The Greenland expedition hadn’t been an earth-shattering achievement, with both poles remaining unconquered, but it made Nansen’s name and had implications beyond an outstanding feat of endurance.
Scandinavia at the end of the 19th century was at a low ebb. Sweden, once a major European power, was in decline, with Norway its poor relation bound to their neighbours by a dual monarchy treaty.
Nansen’s Greenland odyssey was an achievement behind which Norwegians could rally and was a huge boost for their growing independence movement. His epic journey was also one in the eye for Denmark, whom Norwegians felt had a flimsy territorial claim to Greenland when it had been ‘discovered’ originally by Norwegians in the 10th century.
Tall and blond with piercing blue eyes, not to mention being a champion skier and brilliant neuroscientist, Nansen was the perfect poster boy for a resurgent Norway. Always passionate about the outdoors – a trait inherited from his mother – he could, by his early teens, comfortably ski 30 miles in a day, broke the world mile speed-skating record at 18 and in 1880 won the national cross-country skiing title, something he would repeat a further 11 times.
His zest for exploration had been fired as a zoology student at the University of Christiana, now Oslo, in 1882 when he joined the sealing ship Viking on a four-month cruise to the Arctic. What struck him most was not the range of fauna he was there to study but the tantalising glimpses of Greenland’s misty east coast between vast banks of drifting sea ice.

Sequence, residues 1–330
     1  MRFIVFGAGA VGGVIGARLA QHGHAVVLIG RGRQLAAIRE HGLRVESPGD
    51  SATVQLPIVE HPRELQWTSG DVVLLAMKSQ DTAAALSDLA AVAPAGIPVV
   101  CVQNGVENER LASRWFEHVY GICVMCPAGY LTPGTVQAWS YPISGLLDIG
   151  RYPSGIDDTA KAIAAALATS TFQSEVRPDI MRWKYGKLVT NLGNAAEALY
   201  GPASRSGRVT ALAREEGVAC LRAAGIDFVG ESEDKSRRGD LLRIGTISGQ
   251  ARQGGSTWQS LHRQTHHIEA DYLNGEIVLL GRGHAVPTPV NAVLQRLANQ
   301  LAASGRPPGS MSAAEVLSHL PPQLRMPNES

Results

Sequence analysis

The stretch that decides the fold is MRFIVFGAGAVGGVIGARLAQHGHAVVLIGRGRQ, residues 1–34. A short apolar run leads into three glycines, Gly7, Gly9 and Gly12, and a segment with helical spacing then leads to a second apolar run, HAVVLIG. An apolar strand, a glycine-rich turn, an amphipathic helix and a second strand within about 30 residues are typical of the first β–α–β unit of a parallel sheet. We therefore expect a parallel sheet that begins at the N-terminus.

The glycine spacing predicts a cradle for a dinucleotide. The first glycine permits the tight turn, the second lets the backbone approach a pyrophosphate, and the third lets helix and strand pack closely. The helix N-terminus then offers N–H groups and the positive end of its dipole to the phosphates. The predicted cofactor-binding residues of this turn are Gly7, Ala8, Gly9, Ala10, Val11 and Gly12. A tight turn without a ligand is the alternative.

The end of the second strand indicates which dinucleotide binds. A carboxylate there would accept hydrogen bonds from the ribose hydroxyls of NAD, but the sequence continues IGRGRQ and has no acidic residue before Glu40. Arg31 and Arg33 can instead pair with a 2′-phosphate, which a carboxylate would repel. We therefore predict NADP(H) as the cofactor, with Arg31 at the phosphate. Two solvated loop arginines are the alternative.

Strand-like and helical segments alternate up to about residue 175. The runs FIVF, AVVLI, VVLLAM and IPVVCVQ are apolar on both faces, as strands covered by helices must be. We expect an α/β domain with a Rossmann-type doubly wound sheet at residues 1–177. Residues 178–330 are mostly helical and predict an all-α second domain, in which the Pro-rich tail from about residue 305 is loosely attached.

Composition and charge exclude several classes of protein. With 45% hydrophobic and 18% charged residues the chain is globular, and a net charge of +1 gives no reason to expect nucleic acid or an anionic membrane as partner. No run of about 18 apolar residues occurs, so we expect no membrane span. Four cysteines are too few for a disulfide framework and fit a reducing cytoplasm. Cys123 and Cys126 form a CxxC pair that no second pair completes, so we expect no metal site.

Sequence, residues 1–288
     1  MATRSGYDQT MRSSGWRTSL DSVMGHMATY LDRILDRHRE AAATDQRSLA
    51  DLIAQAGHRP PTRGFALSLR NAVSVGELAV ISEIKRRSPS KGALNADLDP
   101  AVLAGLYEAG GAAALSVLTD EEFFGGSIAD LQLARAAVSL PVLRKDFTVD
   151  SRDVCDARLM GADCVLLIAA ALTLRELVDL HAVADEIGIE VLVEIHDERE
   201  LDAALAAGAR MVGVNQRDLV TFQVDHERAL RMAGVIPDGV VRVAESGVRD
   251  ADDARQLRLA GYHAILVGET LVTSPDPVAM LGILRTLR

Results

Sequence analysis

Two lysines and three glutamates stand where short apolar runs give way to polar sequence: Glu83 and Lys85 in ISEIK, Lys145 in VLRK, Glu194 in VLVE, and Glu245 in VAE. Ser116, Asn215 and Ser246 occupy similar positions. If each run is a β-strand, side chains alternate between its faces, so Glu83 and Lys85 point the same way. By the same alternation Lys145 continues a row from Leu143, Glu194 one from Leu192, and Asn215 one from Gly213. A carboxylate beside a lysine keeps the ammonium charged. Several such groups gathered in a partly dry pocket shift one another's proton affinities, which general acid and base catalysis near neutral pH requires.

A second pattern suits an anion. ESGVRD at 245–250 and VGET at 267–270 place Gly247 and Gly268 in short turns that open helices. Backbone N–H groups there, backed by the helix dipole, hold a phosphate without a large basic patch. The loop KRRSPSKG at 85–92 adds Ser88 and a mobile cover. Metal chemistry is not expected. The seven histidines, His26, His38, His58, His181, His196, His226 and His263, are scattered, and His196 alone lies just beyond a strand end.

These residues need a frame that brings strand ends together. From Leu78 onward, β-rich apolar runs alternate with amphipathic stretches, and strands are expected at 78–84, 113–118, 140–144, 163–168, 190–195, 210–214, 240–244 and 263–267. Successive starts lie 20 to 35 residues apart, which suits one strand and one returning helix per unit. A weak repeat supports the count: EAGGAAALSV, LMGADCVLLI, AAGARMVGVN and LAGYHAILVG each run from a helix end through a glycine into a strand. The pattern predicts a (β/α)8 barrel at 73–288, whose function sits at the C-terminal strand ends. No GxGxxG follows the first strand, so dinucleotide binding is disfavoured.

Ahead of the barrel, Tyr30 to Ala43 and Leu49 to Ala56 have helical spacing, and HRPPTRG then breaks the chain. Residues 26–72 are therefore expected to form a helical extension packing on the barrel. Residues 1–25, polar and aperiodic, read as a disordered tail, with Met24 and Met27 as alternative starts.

While the west of the island was well-charted and colonised by the Danes, the interior had never been explored successfully by anyone except the Inuit and Nansen thought he knew why. Setting out from the safety of the west made it too easy to turn back when faced with challenging conditions, he felt. His expedition would arrive on the east coast knowing that safety lay only at the end of the journey. Failure meant death.
The Fram expedition proved to be Nansen’s last major venture. He became a noted scientist at the university in Oslo as well as a passionate advocate of Norwegian independence. “Any union in which one people is restrained in exercising its freedom is and will remain a danger,” he said, and when in 1906 Norway won the right to self-determination Nansen was its first minister to London. So impressive were his diplomatic skills in fact that after the First World War the League of Nations put him in charge of the repatriation of more than 400,000 German and Austro-Hungarian prisoners-of-war from Russia, where he also oversaw a huge and successful international famine-relief programme.
In 1922 he was the driving force behind what became known as the ‘Nansen passport’, an internationally recognised identity card for refugees and the same year, Nansen was awarded the Nobel Peace Prize. Whether that atoned in any way for missing out on being the first man to reach the North Pole is a secret he took to his grave.